Celibacy debate rages, but change unlikely
Bishop Edward Daly has now added his voice to a growing chorus of Catholic leaders and commentators across the world calling for an end to the church's requirement that priests should remain unmarried and celibate.
Why he waited to the age of 77 to share this conviction with us is anybody's guess.
The Catholic Church in Ireland was quick to point out that the retired bishop of Derry is "speaking in a personal capacity".
Indeed he is, but he's not alone.
I presented Tuesday's edition of the Nolan Show and asked the public, particularly the Catholics in our radio audience, to tell us what they thought of Bishop's Daly's comments.
The response was almost unanimously in support of his call for reform.
In the past few years, I've lost count of the number of priests who have privately expressed the same conviction. Some have gone public, but most say they feel unable to speak out on the subject.
Perhaps the most highly-placed Catholic leader to call for a re-examination of the traditional ban on married priests is the Archbishop of Vienna, Cardinal Christoph Schönborn, whose former theology professor is now pope.
When, last year, he published an article which appeared to challenge the current rule of compulsory celibacy, Cardinal Schönborn was forced to issue a clarification: He was simply calling for a healthy debate. Some close to him later claimed he'd been nobbled by the Vatican.
But Edward Daly, as a retired bishop, has more freedom to share his current views with us than a serving Cardinal-Archbishop.
The argument he offers for changing the church's practice is an old one - it was considered and rejected by Pope Paul VI in his 1967 encyclical Sacerdotalis Caelibatus ("On the celibacy of the priest").
Bishop Daly said he is worried about the decreasing number of priests and the requirement of compulsory celibacy is part of the reason why so many otherwise well-qualified candidates for the priesthood are walking away from the church.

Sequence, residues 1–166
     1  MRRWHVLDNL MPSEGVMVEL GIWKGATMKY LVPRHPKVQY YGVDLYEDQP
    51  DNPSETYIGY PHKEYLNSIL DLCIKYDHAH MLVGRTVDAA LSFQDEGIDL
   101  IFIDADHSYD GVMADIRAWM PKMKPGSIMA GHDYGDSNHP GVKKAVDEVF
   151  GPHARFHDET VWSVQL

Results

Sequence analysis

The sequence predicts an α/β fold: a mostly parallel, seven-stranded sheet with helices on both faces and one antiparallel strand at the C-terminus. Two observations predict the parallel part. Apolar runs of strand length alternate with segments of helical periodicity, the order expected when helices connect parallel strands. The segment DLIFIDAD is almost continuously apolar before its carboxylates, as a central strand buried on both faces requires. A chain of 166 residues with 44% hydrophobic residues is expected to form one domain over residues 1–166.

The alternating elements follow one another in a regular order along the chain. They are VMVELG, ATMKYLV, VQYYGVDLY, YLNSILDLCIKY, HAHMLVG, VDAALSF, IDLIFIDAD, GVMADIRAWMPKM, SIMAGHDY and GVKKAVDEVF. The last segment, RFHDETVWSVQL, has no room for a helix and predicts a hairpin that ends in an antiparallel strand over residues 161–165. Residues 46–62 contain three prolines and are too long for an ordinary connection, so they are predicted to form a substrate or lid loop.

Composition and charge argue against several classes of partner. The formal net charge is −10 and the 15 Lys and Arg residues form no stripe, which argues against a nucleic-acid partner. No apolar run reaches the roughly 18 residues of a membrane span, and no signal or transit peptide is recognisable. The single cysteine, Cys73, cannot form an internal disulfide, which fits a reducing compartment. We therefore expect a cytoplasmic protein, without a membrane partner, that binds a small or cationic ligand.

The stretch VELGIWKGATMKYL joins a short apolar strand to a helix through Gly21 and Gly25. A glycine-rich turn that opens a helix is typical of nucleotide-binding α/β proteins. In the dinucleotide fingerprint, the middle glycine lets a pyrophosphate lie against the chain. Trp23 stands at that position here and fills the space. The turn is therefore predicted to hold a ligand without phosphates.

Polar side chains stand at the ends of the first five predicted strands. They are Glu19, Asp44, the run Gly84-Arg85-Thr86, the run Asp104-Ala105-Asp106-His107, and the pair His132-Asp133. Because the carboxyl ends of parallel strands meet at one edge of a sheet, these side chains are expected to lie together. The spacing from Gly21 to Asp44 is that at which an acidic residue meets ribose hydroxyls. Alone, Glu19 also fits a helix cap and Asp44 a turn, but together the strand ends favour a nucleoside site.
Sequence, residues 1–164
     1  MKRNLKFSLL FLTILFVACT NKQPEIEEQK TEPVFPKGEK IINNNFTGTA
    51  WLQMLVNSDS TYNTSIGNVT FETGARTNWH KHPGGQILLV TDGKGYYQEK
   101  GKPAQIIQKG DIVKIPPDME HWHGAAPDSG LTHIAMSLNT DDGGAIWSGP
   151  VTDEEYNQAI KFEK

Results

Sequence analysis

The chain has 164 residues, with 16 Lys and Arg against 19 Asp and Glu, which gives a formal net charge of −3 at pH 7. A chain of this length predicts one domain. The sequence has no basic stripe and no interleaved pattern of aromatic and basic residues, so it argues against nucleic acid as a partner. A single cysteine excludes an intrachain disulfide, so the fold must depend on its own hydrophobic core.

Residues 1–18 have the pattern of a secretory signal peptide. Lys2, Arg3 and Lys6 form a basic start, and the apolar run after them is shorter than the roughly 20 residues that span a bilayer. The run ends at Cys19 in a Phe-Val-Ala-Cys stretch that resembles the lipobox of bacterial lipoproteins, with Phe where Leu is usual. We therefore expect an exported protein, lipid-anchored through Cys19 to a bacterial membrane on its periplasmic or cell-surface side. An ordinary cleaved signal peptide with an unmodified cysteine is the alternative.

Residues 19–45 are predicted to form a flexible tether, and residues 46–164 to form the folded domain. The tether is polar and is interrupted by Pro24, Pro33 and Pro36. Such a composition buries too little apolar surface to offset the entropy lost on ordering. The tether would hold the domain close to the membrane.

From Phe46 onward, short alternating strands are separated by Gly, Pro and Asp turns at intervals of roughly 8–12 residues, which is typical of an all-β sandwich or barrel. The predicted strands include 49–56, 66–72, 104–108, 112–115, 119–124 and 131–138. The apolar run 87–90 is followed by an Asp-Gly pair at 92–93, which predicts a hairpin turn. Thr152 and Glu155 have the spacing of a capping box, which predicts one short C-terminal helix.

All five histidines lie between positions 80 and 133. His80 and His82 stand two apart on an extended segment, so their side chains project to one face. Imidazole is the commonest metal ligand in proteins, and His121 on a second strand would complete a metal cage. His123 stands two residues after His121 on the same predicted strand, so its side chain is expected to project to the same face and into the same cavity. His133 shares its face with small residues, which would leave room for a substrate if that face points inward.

In short, the priesthood forces men to choose between God and family.
It is undoubtedly true that some young men currently struggling with what they believe is a vocation to the priesthood will, after painful reflection, decide that that requirement of celibacy is a rule - a personal sacrifice - too far.
A church divided
The controversy about married priests is one of the longest-running debates in the history of the Catholic Church.
Gregory VII, the great reforming pope of the 11th Century, is often described as the architect of clerical celibacy, but it is clear that the case for an unmarried priesthood was being made within the Catholic Church for centuries before Pope Gregory's reforms.
Supporters of the new rule found evidence for the policy in the celibacy modelled by Christ himself and in the guidance of the early apostles, including St Paul, who once wrote: "An unmarried man is concerned about the Lord's affairs - how he can please the Lord. But a married man is concerned about the affairs of this world - how he can please his wife - and his interests are divided." (I Corinthians 7: 32)